He has a special
appreciation for his fullback, whose arrival in San Diego in February 2003 as a
free agent boosted the intensity and professionalism in the Chargers' huddle.
Neal, says Titans coach Jeff Fisher, "understands blocking angles and knows
how to get the right shot on a defender every time, and he brings a certain
toughness to that offense." It didn't take long for Tomlinson to take
notice. "Lo was exactly what I needed--and what we as a team needed,"
Tomlinson says. "He's the most dominant blocker in the game, and the
respect he gets from other players is something that strikes you immediately.
Before every game, when they're running out for warmups, players on the other
team always stop and speak to him. That tells you so much."
One lesson Neal
has reinforced to Tomlinson is that the less glamorous contributions to the
team are often what command the most respect. "We see the sense of urgency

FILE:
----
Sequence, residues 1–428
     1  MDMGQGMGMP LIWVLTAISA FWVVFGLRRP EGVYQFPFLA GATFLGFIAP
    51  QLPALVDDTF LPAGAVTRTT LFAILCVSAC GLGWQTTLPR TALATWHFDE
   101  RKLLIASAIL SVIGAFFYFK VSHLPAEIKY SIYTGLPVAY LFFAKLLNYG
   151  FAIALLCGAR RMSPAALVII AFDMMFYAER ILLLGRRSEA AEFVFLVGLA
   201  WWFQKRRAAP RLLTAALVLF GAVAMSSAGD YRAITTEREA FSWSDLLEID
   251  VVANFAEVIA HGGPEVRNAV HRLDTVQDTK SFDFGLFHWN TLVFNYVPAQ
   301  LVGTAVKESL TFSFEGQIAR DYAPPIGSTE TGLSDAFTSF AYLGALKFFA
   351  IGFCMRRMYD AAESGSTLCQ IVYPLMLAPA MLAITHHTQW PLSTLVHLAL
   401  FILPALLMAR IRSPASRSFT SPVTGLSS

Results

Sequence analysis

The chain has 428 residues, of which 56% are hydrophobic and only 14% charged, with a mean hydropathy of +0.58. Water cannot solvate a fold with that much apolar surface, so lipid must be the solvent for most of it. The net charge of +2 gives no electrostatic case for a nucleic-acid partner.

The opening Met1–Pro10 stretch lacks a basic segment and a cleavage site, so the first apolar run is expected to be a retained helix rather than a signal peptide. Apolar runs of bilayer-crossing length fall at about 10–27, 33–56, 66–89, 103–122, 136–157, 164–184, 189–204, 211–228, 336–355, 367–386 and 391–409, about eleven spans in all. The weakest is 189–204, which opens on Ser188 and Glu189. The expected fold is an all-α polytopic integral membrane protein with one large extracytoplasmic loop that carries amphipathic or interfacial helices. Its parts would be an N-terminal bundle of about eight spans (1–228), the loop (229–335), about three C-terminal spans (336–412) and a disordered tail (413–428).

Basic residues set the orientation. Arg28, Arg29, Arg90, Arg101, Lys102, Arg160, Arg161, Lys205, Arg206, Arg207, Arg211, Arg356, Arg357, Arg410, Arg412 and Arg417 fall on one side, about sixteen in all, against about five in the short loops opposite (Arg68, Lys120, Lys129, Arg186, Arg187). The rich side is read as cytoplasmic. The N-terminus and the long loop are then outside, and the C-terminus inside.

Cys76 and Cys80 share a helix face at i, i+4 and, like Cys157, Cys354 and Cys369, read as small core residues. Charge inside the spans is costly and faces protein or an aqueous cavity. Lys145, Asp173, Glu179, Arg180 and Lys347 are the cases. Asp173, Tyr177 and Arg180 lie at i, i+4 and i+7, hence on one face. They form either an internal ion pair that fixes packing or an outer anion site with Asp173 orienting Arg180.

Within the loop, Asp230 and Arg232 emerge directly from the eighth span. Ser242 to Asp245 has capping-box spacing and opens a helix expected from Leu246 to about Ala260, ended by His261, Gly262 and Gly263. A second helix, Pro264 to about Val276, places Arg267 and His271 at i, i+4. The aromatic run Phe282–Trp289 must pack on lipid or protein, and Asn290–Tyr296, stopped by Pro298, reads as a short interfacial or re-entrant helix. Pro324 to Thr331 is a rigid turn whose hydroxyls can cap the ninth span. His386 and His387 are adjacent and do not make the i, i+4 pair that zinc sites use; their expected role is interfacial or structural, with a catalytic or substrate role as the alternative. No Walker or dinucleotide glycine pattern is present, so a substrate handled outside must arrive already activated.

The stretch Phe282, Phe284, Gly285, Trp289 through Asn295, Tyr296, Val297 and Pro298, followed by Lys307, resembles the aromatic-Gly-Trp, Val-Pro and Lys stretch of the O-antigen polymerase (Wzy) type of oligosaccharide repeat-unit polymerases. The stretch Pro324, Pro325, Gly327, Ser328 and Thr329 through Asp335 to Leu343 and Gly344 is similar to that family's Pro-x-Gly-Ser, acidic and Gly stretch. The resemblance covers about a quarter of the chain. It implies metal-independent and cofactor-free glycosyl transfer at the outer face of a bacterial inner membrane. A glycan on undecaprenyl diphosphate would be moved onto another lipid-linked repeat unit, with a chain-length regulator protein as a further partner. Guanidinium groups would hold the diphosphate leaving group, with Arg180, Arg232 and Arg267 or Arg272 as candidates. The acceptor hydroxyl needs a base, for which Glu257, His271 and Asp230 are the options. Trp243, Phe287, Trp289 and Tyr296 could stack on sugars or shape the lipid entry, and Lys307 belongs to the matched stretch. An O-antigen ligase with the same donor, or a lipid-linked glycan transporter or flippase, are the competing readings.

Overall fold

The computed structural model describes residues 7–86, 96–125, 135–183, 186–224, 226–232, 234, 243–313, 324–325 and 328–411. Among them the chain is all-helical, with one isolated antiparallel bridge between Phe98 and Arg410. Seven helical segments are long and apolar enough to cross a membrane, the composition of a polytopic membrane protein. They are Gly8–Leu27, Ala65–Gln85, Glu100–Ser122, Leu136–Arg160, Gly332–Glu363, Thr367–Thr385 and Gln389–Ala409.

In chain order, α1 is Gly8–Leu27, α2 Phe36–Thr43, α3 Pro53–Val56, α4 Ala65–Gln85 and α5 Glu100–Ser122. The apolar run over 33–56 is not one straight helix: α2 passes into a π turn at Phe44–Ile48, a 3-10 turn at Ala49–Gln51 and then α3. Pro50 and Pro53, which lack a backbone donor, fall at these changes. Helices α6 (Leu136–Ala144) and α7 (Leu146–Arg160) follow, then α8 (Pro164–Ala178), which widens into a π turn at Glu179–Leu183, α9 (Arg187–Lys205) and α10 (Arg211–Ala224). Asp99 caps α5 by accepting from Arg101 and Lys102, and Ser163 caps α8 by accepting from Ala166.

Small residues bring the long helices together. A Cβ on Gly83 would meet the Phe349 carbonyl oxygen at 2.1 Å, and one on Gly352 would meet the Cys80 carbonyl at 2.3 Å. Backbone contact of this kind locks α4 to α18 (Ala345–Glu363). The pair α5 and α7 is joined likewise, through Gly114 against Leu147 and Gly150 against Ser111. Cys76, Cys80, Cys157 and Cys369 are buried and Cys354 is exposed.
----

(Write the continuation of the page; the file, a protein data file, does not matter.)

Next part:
LT has on each and every play," says Shane Olivea, the Chargers' right
tackle. "Then we look at film, and he's blocking a defensive back 20 yards
downfield, after the play is over. People don't realize how many little things
he does, and because of that they don't understand how great he really
Ask Neal his
favorite LT moment, and he takes you into the San Diego huddle during a TV
timeout in the third quarter of the game in Buffalo earlier this month, after
the Bills had scored a pair of touchdowns to close to within three points.
Noticing that a Chargers lineman was conversing with a Buffalo defender,
Tomlinson angrily ordered his teammate to zip it, barking, "Get your butt
back to the huddle. We'll talk to them after the game--after we whip their
Says Neal, "In
the heat of the moment, he's a fierce warrior. You don't want him disappointed.
You think, [The guy I'm blocking] can't make the tackle. You don't want to be
the weak link, the guy who doesn't do his job."
So Neal does what
he must--puts his head down, plows forward, clears a path--and, yard by yard,
gives the rest of us a sight to behold.